An itchy pet is an uncomfortable pet, and they will scratch, lick, and chew until they find relief, which often does not happen until they receive veterinary treatment.
Many reasons can spur your pet’s need to scratch, and chief among them are allergies. Read on to discover if your furry pal’s itching is related to allergies, or some other common cause.
Your Pet Has Flea Allergies
Flea allergies are the most common allergy form in pets and can cause such intense itching that pets will chew themselves raw. Allergic pets develop a hypersensitivity to the protein in flea saliva, so just a handful of flea bites can make them break out in an itchy rash, complete with sores and scabs. A flea allergy generally causes a hairless hind end, as fleas like to set up shop around the base of your pet’s tail. As they bite your pet, your furry pal will attempt to bite back in an effort to stop the itching, but instead will end up chewing off their hair and licking their skin raw. Quality flea prevention administered year round is the most effective method for treating a flea allergy.
Your Pet Has Environmental Allergies
Environmental allergies, which also are referred to as atopic dermatitis or atopy, can be triggered by any substance in your pet’s environment. These allergens are often inhaled, or affect your pet through breaks in the skin barrier. Common environmental allergens include pollens, dust mites, molds, and dander. Atopic pets can develop itchy skin anywhere, but their ears and paws typically are affected. If your pet has a grass allergy and spends a great deal of time outdoors, they likely will have an itchy belly and paws, which you may notice as brownish saliva staining where they have licked and chewed.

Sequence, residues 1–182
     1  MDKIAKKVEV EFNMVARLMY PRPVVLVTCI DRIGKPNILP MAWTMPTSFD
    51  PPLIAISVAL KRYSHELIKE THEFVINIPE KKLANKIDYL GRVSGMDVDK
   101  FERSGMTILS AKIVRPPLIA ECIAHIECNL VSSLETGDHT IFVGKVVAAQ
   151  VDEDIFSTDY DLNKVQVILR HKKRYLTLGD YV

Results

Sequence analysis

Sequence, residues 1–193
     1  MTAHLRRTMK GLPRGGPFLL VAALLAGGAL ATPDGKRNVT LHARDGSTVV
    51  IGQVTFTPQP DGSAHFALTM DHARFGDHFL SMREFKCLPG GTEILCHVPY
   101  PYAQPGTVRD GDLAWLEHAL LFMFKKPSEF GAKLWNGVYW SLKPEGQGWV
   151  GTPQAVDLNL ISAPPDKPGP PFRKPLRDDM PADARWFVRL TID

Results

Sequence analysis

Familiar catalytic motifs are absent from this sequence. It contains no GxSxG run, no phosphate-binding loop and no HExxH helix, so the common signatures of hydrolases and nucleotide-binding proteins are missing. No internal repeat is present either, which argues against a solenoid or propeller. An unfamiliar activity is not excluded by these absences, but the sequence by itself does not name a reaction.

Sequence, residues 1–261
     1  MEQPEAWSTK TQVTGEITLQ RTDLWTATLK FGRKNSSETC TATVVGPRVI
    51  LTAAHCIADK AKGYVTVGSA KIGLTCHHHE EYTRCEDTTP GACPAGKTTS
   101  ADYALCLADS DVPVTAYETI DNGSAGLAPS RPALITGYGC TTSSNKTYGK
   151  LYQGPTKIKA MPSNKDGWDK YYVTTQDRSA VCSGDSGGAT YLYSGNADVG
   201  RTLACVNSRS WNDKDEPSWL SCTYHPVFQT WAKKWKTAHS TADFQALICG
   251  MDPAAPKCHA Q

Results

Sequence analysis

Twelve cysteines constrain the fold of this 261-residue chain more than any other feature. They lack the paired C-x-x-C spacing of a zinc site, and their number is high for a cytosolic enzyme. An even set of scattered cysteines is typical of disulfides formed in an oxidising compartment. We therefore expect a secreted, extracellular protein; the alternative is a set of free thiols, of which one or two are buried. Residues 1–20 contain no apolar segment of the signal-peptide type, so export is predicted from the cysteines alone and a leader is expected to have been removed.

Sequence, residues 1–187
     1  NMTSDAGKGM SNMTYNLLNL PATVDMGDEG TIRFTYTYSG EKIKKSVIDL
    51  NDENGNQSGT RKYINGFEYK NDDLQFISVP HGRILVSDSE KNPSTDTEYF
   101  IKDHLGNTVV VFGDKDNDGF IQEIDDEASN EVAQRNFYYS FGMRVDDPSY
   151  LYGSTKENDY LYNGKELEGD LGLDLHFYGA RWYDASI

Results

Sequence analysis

Although environmental allergies can be challenging to manage, there are numerous therapies that are highly effective, especially when used together. As your pet ages, their allergies will change, often becoming more severe and extending for longer periods throughout the year. Fortunately, making changes in a multimodal treatment plan to adapt to your pet’s evolving needs can keep them comfortable and itch-free.
Your Pet Has Food Allergies
Food allergies are uncommon in pets, and allergies to grains are downright rare. Most pets with food allergies are sensitive to the protein source in their diet, such as chicken, lamb, or beef. Diagnosing a food allergy—or more than one—is a time-consuming, difficult process. It requires a strict food trial lasting up to 12 weeks to determine if a pet is allergic to a particular food. If one food allergy is diagnosed, a hydrolyzed prescription diet generally is recommended, which manages itchy allergy signs without the hassle of diagnosing additional food allergies.
Your Pet Has Parasites
In addition to fleas, other external parasites can cause your pet to itch. Ticks, mange mites, and ear mites can cause an uncomfortable skin-crawling sensation, but they also can cause an obsessive urge to scratch. To make matters worse, these parasites—with the exclusion of the demodectic mange mite—can hop onto other pets or people, spreading itchiness wherever they go.
Your Pet Has a Poor Diet
A diet that lacks the proper balance of vitamins, minerals, and nutrients can cause dry, flaky, itchy skin and a dull hair coat. Boost your pet’s nutrition with a skin supplement, or swap out their regular diet for a higher-quality version that contains omega-3 fatty acids. These powerful fatty acids help keep the outermost skin layer healthy and strong, while preventing moisture from escaping.
Your Pet Has a Chronic Condition
Certain chronic conditions, like hypothyroidism, Cushing’s disease, or autoimmune disorders, can cause skin issues in pets. A rough hair coat, dry skin, and skin infections can cause your furry pal to scratch, while autoimmune conditions and skin cancer can create sores, lesions, and bumps.
Your Pet is Stressed
Stress and anxiety can cause your pet to develop a compulsive desire to lick and chew, making them appear itchy. For many pets, licking is a calming behavior, so they may lick their paws or a certain area on their body excessively to cope with separation anxiety or storm fear. Stressed pets may over-groom themselves to the point of baldness or skin infections, and the only way to treat the “itching” problem is to treat the underlying anxiety.
Itching, no matter how minor, can be incredibly irritating for your four-legged friend. If you notice your pet scratching, licking, and chewing, schedule an appointment with our Stone Ridge Veterinary Medical Center team.